Queen sickness?

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boywonder

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Having kept bees for a number of years now, I think I have seen most things; at least to the extent that, when things start to happen at a colony (or bee) level, I can generally work out WHY.

This year not so, and it's becoming very dispiriting.

The first thing to say in general is that swarming has been off the scale, in spite of my best efforts, and in spite of most of my Queens having been 2021-mated and of known lineage.

Artificial swarms (mainly nuc method) have not generally suppressed the urge to swarm, and I have gone on to lose bees from both the queenright side (where the urge seems to have resurfaced after a couple of weeks), and the queenless side... having taken these down to one QC.

How so? Well, in at least three instances, I have had the queenless side raise a new queen, who has then come into lay, all looks well, but they have then started to pull new queen cells ... under the swarming instinct (not supersedure).

I am sure of that (i.e. swarming from brand new Queens). Weird.

I am, in tandem with this "super-swarming", now starting to see the demise of a number of these colonies. Queens are failing at an unprecedented rate, which includes turning drone laying (in one case), dying or otherwise disappearing.

In fact, I currently have four colonies on my hands where a new queen has been recently seen and has been laying well, where she has then stopped laying and vanished. In only one of those do I have emergency cells (why the emergency instinct has not kicked in in the other three, I don't know, but I am guessing that they just didn't have young enough larvae to work from).

Clearly, I'm then into the realms of introducing test frames etc...

All my brood and bees look otherwise healthy.

On all counts, I am struggling to fathom out what is happening this year both to induce the swarming, and the queen demise.

It's plainly not the weather, which has been good, and should not have inhibited successful mating (either in the latter part of the 2021 season or any of this year).

Other mating issues (e.g. scant or misfiring drones) may be playing a part, I guess, but do not account for the dying / disappearing queens.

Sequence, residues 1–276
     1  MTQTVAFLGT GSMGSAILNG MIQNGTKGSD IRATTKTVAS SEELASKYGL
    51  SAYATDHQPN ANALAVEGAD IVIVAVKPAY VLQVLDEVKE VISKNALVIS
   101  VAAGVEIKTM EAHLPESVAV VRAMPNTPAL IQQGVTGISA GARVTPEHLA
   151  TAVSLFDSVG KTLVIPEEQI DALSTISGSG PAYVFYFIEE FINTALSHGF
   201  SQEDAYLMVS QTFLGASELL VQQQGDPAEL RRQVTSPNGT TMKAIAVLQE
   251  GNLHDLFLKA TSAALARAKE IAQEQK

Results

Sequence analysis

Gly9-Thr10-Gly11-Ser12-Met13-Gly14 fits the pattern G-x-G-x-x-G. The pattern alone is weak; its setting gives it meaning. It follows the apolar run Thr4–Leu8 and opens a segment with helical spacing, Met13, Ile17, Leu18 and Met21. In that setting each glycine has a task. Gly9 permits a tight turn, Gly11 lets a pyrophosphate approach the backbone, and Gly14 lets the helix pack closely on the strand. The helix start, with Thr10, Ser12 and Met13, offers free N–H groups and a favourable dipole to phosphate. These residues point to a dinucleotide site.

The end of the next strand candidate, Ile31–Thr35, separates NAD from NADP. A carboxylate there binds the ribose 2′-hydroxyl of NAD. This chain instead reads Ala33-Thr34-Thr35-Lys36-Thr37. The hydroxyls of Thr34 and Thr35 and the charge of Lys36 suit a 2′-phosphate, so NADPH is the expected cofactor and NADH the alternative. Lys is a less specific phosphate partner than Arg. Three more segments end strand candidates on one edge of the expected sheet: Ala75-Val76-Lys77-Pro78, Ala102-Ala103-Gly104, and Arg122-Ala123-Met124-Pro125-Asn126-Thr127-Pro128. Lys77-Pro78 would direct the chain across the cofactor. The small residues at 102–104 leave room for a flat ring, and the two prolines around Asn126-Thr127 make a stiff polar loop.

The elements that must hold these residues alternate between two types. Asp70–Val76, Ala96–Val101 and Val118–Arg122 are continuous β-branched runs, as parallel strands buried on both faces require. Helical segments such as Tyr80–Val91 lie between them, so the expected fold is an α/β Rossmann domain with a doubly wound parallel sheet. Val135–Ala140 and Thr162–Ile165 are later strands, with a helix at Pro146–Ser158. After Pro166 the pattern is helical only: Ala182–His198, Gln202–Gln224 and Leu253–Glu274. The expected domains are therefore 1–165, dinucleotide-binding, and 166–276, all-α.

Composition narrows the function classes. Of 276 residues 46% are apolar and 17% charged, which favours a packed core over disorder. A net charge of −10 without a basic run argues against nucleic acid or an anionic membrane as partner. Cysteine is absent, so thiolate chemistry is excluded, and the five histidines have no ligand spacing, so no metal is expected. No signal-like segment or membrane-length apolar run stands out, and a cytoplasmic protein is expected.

In fact, all signals point to me to dodgy/sick queens.

Any thoughts / ideas ? Does any of this resonate ?? I'd be interested to know. Cheers.
 

jenkinsbrynmair

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How do you tell the difference?
I am, in tandem with this "super-swarming", now starting to see the demise of a number of these colonies. Queens are failing at an unprecedented rate, which includes turning drone laying (in one case), dying or otherwise disappearing
To me, it looks more like the bees weren't happy with the new queen and were drawing QCs as insurance
 

boywonder

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How do you tell the difference?
... Basically the end result, JBM, where they issue cast swarm upon cast swarm... instead of just superseding and cracking on with it.

I am well beyond being overly influenced by the look/location/number of cells as to their cause/purpose. Like I say, it's just been swarming madness for me this year.
To me, it looks more like the bees weren't happy with the new queen and were drawing QCs as insurance
I tend to agree JBM, but the sheer number of "crap queens" is my main cause for concern. There's just no reason why.
 

Leigh

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I've been asking myself the same question, specifically apparently good 2022 queens suddenly disappearing, often surprising the colony (evidenced by emergency cells rather than supercedure). Saw this too last year, but 2021 Spring so was weird, I just put it down to that.